Despite this roll-out, the DOE guidelines present little in the way of new guidance. They are essentially a cut-and-paste of prior DOE guidelines on religious expression prepared by the Clinton and Bush II administrations in 1998 and 2003, respectively. Not that the two earlier guidelines were identical. The 1998 guidelines, prepared under the leadership of Secretary Richard Riley (on which I advised), sought to strike a balance between students’ ability to engage in private religious expression and Establishment Clause concerns about school endorsement of religion. The Riley guidelines also instructed that student religious expressive rights do not extend to captive audience situations, to harassing fellow students, or necessarily to being excused from lessons that might offend one’s religious beliefs or practices.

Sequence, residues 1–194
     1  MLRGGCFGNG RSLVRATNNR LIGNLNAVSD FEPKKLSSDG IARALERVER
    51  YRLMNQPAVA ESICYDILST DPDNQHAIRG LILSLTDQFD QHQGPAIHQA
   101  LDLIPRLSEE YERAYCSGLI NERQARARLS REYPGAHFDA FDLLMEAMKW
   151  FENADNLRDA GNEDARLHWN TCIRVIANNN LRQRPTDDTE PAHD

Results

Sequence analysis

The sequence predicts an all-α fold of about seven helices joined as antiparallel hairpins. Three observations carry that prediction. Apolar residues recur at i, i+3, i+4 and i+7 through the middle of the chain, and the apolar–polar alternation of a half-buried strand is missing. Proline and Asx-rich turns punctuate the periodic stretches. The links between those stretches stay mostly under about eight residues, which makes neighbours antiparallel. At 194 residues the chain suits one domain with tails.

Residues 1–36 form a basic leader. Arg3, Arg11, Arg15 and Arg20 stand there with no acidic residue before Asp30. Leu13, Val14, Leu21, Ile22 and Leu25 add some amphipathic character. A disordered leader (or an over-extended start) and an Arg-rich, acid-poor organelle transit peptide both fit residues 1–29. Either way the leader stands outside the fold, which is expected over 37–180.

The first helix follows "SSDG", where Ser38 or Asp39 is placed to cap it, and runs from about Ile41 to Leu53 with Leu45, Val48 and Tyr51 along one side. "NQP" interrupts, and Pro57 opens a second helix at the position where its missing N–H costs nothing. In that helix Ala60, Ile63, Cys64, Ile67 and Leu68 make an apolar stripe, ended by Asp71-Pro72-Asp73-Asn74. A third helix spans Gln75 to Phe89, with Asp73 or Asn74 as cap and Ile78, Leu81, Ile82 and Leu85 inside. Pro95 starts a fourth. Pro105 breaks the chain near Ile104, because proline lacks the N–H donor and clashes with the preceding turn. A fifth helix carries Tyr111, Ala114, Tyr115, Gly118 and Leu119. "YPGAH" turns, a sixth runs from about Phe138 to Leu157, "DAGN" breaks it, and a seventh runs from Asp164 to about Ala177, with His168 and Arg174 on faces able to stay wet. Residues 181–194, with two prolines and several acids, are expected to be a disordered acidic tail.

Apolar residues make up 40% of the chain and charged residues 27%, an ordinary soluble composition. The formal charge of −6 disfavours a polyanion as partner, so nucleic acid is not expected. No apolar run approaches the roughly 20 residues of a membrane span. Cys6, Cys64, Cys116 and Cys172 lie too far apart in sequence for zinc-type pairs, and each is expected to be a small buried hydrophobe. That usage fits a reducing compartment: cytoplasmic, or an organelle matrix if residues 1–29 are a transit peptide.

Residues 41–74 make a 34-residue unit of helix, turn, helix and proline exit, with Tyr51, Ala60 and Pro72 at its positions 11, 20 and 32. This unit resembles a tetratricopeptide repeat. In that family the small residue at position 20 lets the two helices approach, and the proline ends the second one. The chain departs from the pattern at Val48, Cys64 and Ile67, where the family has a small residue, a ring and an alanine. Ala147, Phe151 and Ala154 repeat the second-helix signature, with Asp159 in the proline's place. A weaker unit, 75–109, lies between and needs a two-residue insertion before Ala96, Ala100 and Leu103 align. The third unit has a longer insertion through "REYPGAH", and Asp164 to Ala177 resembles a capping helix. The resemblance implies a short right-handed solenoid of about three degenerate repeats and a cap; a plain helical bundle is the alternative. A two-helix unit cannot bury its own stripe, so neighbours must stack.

In 2003, the Bush administration, through Secretary Ron Paige, significantly revised the Riley guidelines. Aside from being less comprehensive—omitting several categories—the Paige guidelines were more permissive about religious expression. “[P]rivate religious speech,” it declared, was “far from being a First Amendment orphan” but was “as fully protected under the Free Speech Clause as secular private expression.” Gone was any concern about student harassment, and the guidelines broadly asserted that when students speak at school events and retain control over the content of their expression, their religious statements cannot be attributed to the school or otherwise be restricted by authorities. Finally, the Paige guidelines, like the revised Trump guidelines, were no longer advisory but tied compliance to the receipt of federal funding under the No Child Left Behind Act (now, Every Student Succeeds Act).